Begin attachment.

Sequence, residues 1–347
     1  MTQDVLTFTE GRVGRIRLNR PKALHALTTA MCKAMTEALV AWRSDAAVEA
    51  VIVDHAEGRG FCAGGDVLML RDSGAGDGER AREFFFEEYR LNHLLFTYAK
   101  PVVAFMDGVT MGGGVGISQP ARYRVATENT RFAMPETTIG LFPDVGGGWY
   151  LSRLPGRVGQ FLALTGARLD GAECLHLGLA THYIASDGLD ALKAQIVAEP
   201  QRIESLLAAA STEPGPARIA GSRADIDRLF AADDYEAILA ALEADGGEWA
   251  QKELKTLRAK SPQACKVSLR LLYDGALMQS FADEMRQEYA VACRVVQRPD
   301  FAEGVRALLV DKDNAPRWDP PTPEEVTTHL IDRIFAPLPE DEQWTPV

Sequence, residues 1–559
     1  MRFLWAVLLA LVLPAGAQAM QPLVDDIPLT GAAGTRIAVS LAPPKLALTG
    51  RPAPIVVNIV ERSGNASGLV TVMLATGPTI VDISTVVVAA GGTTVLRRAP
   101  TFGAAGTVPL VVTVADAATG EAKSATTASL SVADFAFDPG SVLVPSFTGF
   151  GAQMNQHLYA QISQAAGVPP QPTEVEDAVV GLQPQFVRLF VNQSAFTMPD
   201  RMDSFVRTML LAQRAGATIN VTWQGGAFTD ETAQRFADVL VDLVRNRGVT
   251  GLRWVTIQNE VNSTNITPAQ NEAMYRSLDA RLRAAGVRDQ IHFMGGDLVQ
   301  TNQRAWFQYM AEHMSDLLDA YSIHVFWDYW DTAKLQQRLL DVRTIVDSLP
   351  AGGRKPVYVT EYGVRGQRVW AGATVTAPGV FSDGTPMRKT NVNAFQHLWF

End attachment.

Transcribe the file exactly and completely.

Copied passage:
Sequence, residues 1–347
     1  MTQDVLTFTE GRVGRIRLNR PKALHALTTA MCKAMTEALV AWRSDAAVEA
    51  VIVDHAEGRG FCAGGDVLML RDSGAGDGER AREFFFEEYR LNHLLFTYAK
   101  PVVAFMDGVT MGGGVGISQP ARYRVATENT RFAMPETTIG LFPDVGGGWY
   151  LSRLPGRVGQ FLALTGARLD GAECLHLGLA THYIASDGLD ALKAQIVAEP
   201  QRIESLLAAA STEPGPARIA GSRADIDRLF AADDYEAILA ALEADGGEWA
   251  QKELKTLRAK SPQACKVSLR LLYDGALMQS FADEMRQEYA VACRVVQRPD
   301  FAEGVRALLV DKDNAPRWDP PTPEEVTTHL IDRIFAPLPE DEQWTPV

Sequence, residues 1–559
     1  MRFLWAVLLA LVLPAGAQAM QPLVDDIPLT GAAGTRIAVS LAPPKLALTG
    51  RPAPIVVNIV ERSGNASGLV TVMLATGPTI VDISTVVVAA GGTTVLRRAP
   101  TFGAAGTVPL VVTVADAATG EAKSATTASL SVADFAFDPG SVLVPSFTGF
   151  GAQMNQHLYA QISQAAGVPP QPTEVEDAVV GLQPQFVRLF VNQSAFTMPD
   201  RMDSFVRTML LAQRAGATIN VTWQGGAFTD ETAQRFADVL VDLVRNRGVT
   251  GLRWVTIQNE VNSTNITPAQ NEAMYRSLDA RLRAAGVRDQ IHFMGGDLVQ
   301  TNQRAWFQYM AEHMSDLLDA YSIHVFWDYW DTAKLQQRLL DVRTIVDSLP
   351  AGGRKPVYVT EYGVRGQRVW AGATVTAPGV FSDGTPMRKT NVNAFQHLWF